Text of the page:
Now, Folkopoly Press meets that need with a new set of 1930s-style play money, inspired by various early designs. To create this set was a real challenge, and involved a considerable amount of work.

First of all, we had to find examples of some of these rare original bills. I found $1 and $1000 denominations of one type and scanned these bills. Unfortunately, these were not necessarily printed all that well themselves and the images have various flaws, especially after more than 80 years’ time. Not much is known about the Dominion Printing Company of New York.

One problem is these designs were hand-drawn and did not really involve the use of particular fonts. Thus, there is not a great deal of consistency in the style and shape of particular numbers and letters. Therefore, we decided to use the background image from the original bills, with modern fonts that would give a similar appearance to the originals.

We cleaned up the scanned images in Photoshop, a very time-consuming process which took around 12 hours. Essentially, this involved magnifying the scanned image to practically the pixel level and filling in all the imperfections, while eliminating other things that should not be there.

The result is a background image for these bills which is both historically accurate, and of a better than new quality. The font we chose, we feel, captures the look and spirit of the original bills quite well.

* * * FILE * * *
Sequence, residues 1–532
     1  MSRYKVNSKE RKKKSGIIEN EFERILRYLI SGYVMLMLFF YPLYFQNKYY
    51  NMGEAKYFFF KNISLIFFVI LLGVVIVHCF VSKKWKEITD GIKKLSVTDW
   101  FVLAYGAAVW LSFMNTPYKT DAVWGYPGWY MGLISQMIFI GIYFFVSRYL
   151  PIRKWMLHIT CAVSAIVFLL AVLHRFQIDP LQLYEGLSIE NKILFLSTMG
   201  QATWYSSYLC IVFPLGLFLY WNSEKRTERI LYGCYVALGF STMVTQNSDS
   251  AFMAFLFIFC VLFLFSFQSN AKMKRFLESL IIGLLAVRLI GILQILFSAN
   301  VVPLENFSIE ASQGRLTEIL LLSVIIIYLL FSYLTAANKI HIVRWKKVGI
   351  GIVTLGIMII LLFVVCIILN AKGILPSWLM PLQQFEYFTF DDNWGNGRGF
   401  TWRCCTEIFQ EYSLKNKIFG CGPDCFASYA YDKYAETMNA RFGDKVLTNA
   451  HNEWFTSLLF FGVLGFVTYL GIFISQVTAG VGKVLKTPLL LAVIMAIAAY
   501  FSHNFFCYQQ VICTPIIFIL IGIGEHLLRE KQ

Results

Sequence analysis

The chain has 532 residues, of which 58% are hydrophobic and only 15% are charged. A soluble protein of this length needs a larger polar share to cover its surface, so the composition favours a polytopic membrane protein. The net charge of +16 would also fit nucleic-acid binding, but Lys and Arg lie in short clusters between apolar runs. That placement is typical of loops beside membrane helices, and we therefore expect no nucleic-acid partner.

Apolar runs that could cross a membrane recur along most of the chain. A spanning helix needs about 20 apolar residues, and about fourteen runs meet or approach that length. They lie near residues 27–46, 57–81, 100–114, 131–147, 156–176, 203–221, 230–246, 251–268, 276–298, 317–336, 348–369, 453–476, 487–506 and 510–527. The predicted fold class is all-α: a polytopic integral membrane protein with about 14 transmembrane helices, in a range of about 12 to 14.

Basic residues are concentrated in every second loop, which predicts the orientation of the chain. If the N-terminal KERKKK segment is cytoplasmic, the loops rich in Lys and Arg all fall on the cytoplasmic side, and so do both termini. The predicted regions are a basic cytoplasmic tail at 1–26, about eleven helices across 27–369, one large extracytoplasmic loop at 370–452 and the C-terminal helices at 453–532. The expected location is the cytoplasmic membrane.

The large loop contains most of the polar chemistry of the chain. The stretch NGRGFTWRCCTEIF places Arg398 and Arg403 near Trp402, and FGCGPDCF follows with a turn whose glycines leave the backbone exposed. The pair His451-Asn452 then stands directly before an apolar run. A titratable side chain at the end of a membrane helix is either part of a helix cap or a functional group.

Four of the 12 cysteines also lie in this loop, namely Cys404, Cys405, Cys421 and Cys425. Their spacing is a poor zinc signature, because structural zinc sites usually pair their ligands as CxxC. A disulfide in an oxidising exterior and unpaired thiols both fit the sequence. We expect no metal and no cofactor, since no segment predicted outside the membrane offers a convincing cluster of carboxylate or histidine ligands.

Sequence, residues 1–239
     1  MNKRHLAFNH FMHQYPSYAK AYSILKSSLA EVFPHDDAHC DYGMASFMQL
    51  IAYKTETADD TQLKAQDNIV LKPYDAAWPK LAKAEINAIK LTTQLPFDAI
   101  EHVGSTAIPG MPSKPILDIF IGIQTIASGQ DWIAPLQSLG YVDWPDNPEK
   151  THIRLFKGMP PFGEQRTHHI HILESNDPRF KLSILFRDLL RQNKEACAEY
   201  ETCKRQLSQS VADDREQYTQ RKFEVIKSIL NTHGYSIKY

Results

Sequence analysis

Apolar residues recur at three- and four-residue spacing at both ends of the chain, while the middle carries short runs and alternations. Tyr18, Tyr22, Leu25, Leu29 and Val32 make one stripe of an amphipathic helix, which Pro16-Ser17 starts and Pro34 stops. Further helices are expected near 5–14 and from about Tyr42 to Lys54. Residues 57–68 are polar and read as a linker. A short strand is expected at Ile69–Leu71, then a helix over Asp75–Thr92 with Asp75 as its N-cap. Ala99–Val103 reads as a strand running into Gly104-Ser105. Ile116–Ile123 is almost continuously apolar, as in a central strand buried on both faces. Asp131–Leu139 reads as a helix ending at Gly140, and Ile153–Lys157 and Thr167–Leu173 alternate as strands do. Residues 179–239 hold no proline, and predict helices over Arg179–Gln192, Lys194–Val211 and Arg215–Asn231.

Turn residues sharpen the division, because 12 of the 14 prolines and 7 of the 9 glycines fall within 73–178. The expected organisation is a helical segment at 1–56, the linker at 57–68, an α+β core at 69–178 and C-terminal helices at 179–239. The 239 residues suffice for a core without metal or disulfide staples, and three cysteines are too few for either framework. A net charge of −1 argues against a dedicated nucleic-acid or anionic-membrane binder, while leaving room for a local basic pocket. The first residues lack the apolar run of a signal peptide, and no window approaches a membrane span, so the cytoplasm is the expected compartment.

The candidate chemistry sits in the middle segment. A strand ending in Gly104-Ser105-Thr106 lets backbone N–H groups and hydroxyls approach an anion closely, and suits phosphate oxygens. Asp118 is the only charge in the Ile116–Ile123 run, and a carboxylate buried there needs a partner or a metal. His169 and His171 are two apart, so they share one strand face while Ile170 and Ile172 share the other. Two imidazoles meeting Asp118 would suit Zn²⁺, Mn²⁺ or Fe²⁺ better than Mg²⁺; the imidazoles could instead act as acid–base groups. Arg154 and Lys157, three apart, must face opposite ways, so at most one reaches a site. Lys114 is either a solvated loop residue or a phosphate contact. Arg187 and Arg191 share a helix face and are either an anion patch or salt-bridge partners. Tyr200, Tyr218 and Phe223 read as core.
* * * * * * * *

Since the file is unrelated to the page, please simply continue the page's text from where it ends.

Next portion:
Finally, while the background image is black on all bills, we gave each denomination its own color, as far as the numbers were concerned. The results are very attractive and speak for themselves.

These bills can be used with some of our reproduction Oilcloth and Tie Box sets. It is similar to the types of bills used with the original Darrow Round Board, the very first one made by Charles Darrow. This predates the various types of Darrow scrip, including Types 0, 1 and 2.

We are offering complete sets of these bills, which measure approximately 2 5/8″ by 5 3/4″ which is close to the same size as the originals.

A complete set consists of:

$1 x 48
$5 x 42
$10 x 36
$20 x 30
$50 x 24
$100 x 18
$500 x 6
$1000 x 6

A total of $13,218 (210 bills in all) which is plenty enough to play Monopoly as well as other similar games.

-Clarence B. Darwin

Reproduction 1930s-Style Play Money Set
Price: $19.95
with free shipping within the United States.

PS- For shipping outside the US, drop us a line at:
folkopolypress@gmail.com

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Original 1930s play money.

Original 1930s play money.

Our new bills are based on this cleaned-up image of original 1930s play money.

Our new bills are based on this cleaned-up image of original 1930s play money.

This was our starting point in the restoration of part of the image.

This was our starting point in the restoration of part of the image.

Before.

Before.

After.

After.

In this screen shot, the middle portion has been restored and the sides have not. Quite a difference.

In this screen shot, the middle portion has been restored and the sides have not. Quite a difference.

The only information I can find about these bills online comes from Show Me the Money! The Standard Catalog of Motion Picture, Television, Stage and Advertising Prop Money by Fred L. Reed.

The only information I can find about these bills online comes from Show Me the Money! The Standard Catalog of Motion Picture, Television, Stage and Advertising Prop Money by Fred L. Reed.